I just read a paper from Vanguard that, as you would expect, makes the case for index funds:

The Case For Indexing

Put alongside the paper from Ted Theodore about there being better times to be active and better times to be passive it brings up an interesting idea:

Dig We Must

What if they are both right?  There are times when stocks are uncorrelated that a good stock picker (someone who is not just hugging an index) can add some real value.  There are also times when stocks are very correlated where it is much harder for an active manager to add value.   Given this, it is very easy for both sides to data mine and pick out the times when there way outperformed as proof that one way is better than another.

However, this argument ignores the 800 pound gorilla in the room about what happens when the market goes down?  Neither active stock pickers or passive indexes will protect investors from market declines.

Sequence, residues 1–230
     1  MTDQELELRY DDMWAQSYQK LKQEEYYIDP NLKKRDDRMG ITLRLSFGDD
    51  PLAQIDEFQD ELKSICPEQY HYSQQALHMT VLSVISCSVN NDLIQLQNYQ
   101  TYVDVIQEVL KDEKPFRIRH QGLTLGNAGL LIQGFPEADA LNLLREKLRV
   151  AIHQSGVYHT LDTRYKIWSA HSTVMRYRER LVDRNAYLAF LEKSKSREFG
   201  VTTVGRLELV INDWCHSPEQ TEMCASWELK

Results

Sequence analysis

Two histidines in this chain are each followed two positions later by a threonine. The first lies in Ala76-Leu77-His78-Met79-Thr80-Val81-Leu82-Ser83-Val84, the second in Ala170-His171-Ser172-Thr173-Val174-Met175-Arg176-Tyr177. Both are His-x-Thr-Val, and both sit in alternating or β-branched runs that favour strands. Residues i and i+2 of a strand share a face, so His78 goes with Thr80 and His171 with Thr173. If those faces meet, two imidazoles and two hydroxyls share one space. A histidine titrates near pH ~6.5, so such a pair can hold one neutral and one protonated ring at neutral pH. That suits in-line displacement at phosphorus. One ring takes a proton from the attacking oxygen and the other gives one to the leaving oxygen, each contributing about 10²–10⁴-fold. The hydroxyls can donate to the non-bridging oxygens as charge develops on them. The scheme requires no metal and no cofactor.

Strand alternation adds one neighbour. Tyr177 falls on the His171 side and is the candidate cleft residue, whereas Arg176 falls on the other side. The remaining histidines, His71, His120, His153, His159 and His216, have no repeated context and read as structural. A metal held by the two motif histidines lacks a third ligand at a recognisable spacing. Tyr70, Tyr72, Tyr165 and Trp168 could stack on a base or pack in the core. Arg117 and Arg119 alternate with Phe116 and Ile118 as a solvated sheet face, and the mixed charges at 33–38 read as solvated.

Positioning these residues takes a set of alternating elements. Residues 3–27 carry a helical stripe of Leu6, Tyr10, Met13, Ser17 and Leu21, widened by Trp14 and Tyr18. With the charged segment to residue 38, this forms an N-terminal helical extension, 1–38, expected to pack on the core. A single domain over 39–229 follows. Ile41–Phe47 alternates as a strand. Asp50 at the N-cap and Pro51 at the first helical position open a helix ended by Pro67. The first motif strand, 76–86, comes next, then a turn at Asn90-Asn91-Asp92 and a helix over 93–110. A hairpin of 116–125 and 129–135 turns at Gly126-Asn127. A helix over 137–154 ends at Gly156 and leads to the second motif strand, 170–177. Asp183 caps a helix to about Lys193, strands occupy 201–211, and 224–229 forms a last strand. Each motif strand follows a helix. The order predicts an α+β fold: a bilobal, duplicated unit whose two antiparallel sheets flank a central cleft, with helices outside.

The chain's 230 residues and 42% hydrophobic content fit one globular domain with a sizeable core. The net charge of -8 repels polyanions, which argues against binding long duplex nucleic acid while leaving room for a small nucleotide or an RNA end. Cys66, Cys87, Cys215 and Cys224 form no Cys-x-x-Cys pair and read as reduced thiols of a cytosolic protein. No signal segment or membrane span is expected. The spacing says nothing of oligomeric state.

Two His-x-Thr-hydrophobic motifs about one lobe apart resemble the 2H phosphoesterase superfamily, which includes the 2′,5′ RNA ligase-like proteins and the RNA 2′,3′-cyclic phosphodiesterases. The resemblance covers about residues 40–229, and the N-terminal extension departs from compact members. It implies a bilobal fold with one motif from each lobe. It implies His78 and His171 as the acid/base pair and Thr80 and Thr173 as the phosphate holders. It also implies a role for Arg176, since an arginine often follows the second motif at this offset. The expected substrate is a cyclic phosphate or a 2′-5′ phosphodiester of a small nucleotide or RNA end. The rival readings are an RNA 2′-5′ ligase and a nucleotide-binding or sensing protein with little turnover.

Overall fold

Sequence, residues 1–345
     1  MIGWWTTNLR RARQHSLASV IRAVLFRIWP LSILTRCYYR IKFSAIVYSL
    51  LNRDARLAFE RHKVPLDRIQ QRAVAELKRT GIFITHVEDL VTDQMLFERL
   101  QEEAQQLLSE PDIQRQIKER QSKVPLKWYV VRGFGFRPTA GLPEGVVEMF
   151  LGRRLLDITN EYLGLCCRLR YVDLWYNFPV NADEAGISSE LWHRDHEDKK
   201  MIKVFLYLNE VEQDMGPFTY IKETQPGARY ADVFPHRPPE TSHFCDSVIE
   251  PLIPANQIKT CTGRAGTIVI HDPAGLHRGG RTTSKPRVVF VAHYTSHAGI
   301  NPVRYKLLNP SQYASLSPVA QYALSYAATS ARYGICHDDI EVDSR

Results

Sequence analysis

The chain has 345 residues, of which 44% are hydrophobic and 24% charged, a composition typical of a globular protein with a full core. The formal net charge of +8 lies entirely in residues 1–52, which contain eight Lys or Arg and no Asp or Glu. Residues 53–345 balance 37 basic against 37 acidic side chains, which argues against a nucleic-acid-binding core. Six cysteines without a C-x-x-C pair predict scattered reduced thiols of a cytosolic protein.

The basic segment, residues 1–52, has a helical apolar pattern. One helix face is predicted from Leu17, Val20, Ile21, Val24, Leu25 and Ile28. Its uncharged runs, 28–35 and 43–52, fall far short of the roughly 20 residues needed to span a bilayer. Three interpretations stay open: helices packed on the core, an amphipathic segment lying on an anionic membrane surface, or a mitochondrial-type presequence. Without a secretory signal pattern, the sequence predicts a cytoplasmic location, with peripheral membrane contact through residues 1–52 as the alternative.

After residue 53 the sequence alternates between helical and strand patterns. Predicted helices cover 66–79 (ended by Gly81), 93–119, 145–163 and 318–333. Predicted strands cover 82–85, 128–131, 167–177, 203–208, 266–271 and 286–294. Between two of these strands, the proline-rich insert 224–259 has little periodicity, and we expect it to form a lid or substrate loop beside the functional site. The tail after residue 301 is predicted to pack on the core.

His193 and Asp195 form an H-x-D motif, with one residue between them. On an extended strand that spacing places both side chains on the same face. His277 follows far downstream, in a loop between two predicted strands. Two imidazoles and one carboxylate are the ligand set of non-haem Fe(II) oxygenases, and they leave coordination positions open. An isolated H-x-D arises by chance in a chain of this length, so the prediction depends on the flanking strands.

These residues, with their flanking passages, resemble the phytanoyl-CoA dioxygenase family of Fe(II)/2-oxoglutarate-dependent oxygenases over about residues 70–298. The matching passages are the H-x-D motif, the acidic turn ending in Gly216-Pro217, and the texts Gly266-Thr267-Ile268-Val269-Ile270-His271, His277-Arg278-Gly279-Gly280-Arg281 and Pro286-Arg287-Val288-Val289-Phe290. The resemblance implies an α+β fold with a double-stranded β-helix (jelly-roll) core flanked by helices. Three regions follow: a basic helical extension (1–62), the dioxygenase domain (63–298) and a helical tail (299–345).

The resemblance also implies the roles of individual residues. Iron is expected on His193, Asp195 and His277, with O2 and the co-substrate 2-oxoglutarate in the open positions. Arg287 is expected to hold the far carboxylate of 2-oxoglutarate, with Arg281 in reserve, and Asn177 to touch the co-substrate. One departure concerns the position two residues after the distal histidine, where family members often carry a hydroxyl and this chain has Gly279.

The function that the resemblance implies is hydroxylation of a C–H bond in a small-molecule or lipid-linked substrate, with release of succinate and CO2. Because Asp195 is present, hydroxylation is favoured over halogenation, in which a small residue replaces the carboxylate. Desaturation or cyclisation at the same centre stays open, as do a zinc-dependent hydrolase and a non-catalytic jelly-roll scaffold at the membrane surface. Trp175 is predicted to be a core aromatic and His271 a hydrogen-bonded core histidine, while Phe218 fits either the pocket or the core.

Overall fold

The better approach could be twofold:

1. Instead of active or passive how about smart beta?  Smart beta strategies fall somewhere in between, they are passive because a computer is picking the stocks just like an index fund, but they have a semblance of being active because the portfolio manager is using some sort of formula other than simple market cap weighting to pick stocks.  The smart beta strategies out there today have all been backtested and show to beat the market.  Yes, I know that nobody has ever seen a bad backtest so time will tell whether these strategies are robust going forward.  We think they will be because we believe they benefit from a value and size effect which should persist.

2. You need a tactical overlay.  Smart beta may beat the market over time but it won't protect you when it crashes either.  A tactical overlay on top of a smart beta strategy makes smart beta smarter.